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Monday, May 20, 2024
The independent student publication of The University at Buffalo, since 1950

Don't Test Me

I'll never forget the day I took the SAT. It was a sweltering hot and cloudy day and there I was, sitting in a nearby Catholic high school, with three perfectly sharpened number two pencils in hand. My stomach was sick with dread.

I stared at the wooden cross hanging from above the blackboard and thought, "Look, God, I know I haven't been the nicest girl in the world, but I really want to go to college."

Then, I took deep breath and sighed. I had nothing worry about, no way, no how. I was a hard-working student with pleasing grades and my father sent me to Kaplan. All right now, 1600 baby!!!

Yeah... right.

Let's just say that my scores were far less than what I had hoped for or anticipated. Much to my humiliation, a friend of mine who made little more than "special guest appearances" to class had scored infinitely better. Wow, did I feel like a big loser.

Four years later, I am proud to boast my fourth semester on the Dean's List. Personal issues aside, one must question whether or not there are several serious flaws with the SAT as a whole. Statistically, female students repeatedly score lower on the SATs, despite displaying academic performances that are equal or better than their male counterparts. The SAT also fails to take into account differences in educational background, resulting in exams that are racially and culturally biased against minorities.

One of the SAT's main testing aspects is speed. It doesn't seem unreasonable for an exam to test a student's ability to assess and answer comprehensive questions and equations. However, where does that leave students with learning disabilities, such as dyslexia? Although these students may be more academically capable than the Speedy Gonzalez sitting beside them, in the end, they will probably score lower simply because their learning tools and skills are different than the general population. The College Board does provide certain accommodations for students with learning disabilities. But how then can the SAT be considered a truly "standardized" exam?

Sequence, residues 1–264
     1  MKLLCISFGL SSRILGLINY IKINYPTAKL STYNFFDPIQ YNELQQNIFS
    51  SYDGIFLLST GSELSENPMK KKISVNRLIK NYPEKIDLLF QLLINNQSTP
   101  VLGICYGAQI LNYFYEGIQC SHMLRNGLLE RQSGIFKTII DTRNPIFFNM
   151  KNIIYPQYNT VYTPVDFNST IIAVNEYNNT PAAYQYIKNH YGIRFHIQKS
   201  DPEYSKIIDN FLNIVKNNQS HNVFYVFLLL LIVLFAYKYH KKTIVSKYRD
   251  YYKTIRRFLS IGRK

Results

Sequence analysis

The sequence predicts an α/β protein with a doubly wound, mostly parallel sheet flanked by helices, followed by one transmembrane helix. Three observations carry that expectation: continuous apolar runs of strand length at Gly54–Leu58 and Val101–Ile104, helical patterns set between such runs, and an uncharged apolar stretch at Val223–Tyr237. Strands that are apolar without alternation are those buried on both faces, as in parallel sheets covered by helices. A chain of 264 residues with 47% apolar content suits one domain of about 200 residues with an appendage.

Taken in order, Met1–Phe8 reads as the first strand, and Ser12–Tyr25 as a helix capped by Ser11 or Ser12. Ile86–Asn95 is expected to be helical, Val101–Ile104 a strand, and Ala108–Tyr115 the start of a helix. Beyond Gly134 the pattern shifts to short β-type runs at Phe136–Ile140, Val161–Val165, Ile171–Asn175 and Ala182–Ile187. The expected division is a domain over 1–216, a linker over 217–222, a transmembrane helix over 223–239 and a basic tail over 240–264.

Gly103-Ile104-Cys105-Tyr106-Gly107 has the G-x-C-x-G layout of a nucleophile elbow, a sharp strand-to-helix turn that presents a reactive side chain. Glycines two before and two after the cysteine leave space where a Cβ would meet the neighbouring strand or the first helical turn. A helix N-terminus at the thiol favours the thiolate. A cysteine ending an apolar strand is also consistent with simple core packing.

A huge myth is that the SATs indicate how well a student will perform during their first year of college. Some of the most accomplished people I know wouldn't have even been accepted into beauty school with their scores. The College Board Web site boasts that the SAT tests "understanding and analyzing written material, drawing inferences, differentiating shades of meaning, drawing conclusions and solving math problems." But there is so much more that makes a good college student. I would love to see an SAT that measures enthusiasm, participation in school activities, work ethic, motivation and passion for learning.

One must also take into consideration that the SATs are a business. The College Board and test preparation companies reel in millions of dollars on students who must take this exam. Initially, the College Board refuted claims that test-prep courses provided by Kaplan and the Princeton Review actually help students score higher on the SATs. Now, students have the option of purchasing test preparation materials from the College Board itself. If that's not cashing in, I don't know what is.

Currently, New York and California are the only states that conduct Regents exams. The Regents is an ideal substitute for the SATs with the exception that the Regents would be difficult to standardize, considering that high school curriculum may differ state to state. Unlike the SATs, the Regents test materials are a part of students' curriculum and are more likely than the SATs to reveal which students truly absorbed and understood their classroom material and took an active part in their learning experience.

The bottom line: all the SATs can reveal is how well a student did on the test alone, and are far too flawed to measure a future college student's potential.



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